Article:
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Middle-class incomes and the apples-to-apples problem

The typical Canadian household isn’t what it used to be, says Mike Moffatt


 

EJP Photo/Compfight

If the last few months are any indication, the stagnant incomes of the middle-class will be the defining economic issue of the decade.  My economist colleagues Stephen Gordon and Kevin Milligan have provided thoughts and useful data on the topic; I highly recommend reading their pieces. This topic is incredibly complicated, so I anticipate and look forward to hearing the perspectives of other experts.

The federal government has to be one of the most important voices in the discussion. In July, Jason Fekete of the National Post, reported that the Department of Finance prepared a presentation to the Minister titled The Economic and Financial Situation of the Canadian Middle Class. Until now, the PowerPoint slides were not available to the general public, but I managed to obtain a copy (opens Scribd, or see embedded document below) the old fashioned way, by asking the Finance Department.

Of all the arguments made in the presentation, the most important, in my view, is the one on the changing composition of families. In 1976, only 40 per cent of families were either elderly or had a single head of household. That number has grown to 57 per cent in 2010. This affects the calculation of median incomes, as households with one adult should, on average, earn less than households with two. Similarly, you would expect that households with members outside of the working age would earn less than households with working age members. The report finds that adjusting for these factors makes the median household income picture less bleak.

I believe these kinds of adjustments are vital in understanding the extent of the issue. But not all adjustments improve the outlook for the middle-class. Another adjustment we need to consider is that the median household is far more educated than it was in 1976. This reduces the number of working years for the average Canadian, as they are entering the workforce at 23 or 24 instead of 18 or 19, so there are four years of lost income. There are also all the added financial expenses of post-secondary education that need to be accounted for.  If, for example, it takes a university education for a male to earn $40,000 in 2010, but he could have earned the same income with a highschool education in 1976, then clearly males are worse off, even if income levels are unchanged.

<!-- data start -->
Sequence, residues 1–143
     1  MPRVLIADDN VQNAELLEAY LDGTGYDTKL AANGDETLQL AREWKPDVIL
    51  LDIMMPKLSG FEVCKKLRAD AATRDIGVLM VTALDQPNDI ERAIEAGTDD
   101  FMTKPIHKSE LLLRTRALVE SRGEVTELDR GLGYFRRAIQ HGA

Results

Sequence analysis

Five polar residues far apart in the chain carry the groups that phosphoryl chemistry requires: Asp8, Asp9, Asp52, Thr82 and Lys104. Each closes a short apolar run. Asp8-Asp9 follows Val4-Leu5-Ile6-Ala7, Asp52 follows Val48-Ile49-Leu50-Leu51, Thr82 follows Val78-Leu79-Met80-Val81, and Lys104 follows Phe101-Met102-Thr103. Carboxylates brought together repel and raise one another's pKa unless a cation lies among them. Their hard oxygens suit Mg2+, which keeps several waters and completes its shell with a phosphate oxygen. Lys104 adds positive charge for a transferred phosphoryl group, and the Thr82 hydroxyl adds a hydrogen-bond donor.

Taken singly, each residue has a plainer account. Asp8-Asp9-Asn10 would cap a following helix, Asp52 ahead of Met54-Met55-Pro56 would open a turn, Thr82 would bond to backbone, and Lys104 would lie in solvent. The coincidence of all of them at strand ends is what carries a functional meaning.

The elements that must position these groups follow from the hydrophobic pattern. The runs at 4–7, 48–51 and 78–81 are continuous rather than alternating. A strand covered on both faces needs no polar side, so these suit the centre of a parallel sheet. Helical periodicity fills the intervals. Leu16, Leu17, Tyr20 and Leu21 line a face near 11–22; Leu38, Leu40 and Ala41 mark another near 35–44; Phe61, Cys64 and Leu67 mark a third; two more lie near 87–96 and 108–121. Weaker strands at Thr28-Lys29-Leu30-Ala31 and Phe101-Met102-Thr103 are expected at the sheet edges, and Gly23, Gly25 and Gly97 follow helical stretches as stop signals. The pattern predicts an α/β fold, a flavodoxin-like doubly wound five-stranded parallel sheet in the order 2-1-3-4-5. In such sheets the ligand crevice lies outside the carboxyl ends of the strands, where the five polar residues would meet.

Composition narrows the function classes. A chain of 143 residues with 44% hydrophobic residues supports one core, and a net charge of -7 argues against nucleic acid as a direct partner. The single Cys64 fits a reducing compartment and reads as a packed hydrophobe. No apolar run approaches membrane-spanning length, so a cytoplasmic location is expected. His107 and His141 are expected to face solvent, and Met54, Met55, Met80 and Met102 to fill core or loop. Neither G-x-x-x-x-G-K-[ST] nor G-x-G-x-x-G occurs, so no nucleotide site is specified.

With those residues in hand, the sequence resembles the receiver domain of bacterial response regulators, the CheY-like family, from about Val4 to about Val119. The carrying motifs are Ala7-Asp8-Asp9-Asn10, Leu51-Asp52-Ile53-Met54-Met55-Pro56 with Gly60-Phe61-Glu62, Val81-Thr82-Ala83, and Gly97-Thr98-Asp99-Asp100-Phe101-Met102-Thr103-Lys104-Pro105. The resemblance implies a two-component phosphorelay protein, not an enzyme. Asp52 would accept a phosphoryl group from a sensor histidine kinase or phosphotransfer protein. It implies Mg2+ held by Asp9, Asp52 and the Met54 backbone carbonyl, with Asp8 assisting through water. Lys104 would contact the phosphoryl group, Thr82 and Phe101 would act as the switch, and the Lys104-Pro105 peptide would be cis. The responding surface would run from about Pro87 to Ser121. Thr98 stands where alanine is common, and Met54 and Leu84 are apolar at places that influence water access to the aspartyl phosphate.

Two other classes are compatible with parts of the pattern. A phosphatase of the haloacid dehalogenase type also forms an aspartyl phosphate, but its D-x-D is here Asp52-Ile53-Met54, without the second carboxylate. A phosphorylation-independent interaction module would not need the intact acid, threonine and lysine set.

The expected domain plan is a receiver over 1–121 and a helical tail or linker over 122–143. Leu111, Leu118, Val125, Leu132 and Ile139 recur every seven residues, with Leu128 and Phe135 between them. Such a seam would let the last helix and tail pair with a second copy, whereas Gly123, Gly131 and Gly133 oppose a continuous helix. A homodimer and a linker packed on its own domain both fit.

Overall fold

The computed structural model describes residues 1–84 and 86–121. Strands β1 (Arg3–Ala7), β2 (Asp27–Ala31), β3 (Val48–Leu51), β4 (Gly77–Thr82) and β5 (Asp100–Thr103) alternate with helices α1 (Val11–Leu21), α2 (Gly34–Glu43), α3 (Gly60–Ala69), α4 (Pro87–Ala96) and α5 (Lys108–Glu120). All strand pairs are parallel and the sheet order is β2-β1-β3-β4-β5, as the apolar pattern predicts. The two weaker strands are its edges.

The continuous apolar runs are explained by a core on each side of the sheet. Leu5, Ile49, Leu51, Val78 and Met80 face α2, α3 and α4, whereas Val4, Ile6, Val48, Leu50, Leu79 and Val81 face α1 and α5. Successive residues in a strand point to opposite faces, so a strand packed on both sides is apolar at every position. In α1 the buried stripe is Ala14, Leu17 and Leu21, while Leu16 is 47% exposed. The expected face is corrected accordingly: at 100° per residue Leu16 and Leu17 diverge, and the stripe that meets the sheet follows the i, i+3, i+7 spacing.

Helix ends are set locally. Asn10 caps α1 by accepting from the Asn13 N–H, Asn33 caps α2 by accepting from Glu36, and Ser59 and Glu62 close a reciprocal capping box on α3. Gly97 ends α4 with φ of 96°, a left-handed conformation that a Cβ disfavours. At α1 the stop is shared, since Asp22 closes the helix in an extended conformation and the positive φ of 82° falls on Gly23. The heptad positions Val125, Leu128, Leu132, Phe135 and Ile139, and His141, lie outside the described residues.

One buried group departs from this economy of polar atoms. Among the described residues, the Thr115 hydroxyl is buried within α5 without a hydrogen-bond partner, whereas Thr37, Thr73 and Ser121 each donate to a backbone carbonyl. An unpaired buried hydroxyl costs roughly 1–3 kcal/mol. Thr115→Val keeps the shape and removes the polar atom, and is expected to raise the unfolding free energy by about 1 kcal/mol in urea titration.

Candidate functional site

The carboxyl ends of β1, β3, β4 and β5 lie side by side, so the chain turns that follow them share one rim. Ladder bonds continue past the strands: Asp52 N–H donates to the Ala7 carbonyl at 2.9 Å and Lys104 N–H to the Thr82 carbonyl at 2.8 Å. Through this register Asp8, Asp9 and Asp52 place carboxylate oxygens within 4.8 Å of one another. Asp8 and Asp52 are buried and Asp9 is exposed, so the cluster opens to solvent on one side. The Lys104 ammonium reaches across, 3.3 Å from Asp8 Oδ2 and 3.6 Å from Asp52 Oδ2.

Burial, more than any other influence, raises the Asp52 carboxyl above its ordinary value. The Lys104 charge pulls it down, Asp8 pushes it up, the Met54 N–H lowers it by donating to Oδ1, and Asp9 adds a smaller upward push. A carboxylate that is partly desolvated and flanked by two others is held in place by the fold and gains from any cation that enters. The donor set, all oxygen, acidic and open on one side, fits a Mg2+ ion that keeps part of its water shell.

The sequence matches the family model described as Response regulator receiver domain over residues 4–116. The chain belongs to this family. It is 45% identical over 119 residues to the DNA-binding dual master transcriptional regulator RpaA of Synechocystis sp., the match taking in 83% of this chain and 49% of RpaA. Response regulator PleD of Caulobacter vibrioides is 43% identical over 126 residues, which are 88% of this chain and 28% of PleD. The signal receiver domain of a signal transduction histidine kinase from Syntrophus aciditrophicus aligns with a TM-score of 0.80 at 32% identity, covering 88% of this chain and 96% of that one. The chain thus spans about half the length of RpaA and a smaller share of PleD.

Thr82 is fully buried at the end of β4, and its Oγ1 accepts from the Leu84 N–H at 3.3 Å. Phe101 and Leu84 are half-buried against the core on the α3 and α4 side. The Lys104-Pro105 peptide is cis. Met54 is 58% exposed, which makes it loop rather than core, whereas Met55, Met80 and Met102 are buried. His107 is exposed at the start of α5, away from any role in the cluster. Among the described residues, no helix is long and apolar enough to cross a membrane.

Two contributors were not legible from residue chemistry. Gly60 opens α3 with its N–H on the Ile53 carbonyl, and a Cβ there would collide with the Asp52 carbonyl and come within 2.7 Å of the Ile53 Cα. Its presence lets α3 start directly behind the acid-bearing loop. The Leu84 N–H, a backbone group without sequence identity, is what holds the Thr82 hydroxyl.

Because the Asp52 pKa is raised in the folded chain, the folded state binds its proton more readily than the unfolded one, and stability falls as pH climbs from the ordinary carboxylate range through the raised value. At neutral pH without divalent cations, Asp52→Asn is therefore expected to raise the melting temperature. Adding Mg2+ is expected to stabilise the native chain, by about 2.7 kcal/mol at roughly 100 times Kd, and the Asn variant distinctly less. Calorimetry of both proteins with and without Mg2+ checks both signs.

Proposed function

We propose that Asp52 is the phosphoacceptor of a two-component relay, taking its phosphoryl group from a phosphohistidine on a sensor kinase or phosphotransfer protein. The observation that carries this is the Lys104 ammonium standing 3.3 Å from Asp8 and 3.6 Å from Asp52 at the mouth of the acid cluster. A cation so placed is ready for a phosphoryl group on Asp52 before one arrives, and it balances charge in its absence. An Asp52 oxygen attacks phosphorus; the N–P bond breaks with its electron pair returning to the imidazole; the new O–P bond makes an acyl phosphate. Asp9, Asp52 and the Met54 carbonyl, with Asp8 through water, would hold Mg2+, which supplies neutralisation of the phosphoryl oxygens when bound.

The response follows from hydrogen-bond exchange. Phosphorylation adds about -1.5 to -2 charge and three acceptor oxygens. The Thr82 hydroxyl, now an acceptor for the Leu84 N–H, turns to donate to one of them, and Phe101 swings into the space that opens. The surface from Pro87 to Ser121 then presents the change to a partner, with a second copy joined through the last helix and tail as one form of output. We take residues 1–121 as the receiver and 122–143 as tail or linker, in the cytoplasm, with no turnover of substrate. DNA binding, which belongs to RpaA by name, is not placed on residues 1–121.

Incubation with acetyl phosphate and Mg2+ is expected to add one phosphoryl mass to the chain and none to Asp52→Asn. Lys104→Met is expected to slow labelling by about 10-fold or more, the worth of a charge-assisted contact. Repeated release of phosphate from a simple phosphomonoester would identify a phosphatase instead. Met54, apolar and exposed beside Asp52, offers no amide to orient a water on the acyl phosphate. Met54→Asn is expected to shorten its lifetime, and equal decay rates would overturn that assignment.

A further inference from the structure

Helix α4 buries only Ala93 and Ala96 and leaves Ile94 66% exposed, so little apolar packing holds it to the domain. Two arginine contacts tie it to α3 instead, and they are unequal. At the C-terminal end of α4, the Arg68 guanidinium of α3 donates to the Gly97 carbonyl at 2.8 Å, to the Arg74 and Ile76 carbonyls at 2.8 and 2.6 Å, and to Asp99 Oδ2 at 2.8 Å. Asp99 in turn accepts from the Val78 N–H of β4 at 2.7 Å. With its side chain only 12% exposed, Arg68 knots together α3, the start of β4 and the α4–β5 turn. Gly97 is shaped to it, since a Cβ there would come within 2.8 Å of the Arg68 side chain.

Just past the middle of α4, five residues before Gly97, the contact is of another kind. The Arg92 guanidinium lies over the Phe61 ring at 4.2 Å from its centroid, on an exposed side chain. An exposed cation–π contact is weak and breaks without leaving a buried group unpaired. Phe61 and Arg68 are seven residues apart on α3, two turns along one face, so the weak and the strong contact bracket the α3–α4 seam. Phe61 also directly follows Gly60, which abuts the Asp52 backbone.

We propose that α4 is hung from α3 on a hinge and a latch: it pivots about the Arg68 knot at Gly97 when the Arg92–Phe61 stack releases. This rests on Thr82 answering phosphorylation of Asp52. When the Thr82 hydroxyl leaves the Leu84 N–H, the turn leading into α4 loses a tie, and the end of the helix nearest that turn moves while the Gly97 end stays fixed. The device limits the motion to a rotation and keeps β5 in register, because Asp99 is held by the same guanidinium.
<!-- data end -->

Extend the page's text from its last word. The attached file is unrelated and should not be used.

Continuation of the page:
Even if we could control for every factor that might skew our income calculations, that is still not enough. What ultimately matters is not income but welfare. The ultimate goal of public policy should be to improve the quality of life for Canadians. There is a correlation between income and welfare, but it is far from perfect. For instance, there are fewer members of the middle-class that are addicted to cigarettes today than there was in 1976. This is a good thing. However, there may be factors unrelated to income that have caused a decline in quality of life. I suspect debt level fears and fears of not saving enough for retirement have moved in the opposite direction. A middle-class policy agenda that over-focuses on income may miss opportunities to improve the quality of life for middle-class Canadians.


 

Middle-class incomes and the apples-to-apples problem

  1. “Lies, damned lies, and statistics” :-)

  2. Ok, I’m not an expert by any means but isn’t the problem for the middle class the cost of living? i.e – what those incomes can buy in 2013 is not what they could by in 2000.

    To me comparing incomes to incomes without any info on how the cost of living has changed is pointless. Just the cost of buying an home has increased greatly over the past 15 years which directly reflects the amount of disposable income a family has to spend making it more difficult to live with the same standards they lived with 15 years ago.

    • Isn’t just homes. Take cars, same model/options in 2000 say is $21k, today the same car/model is $41k. Almost double!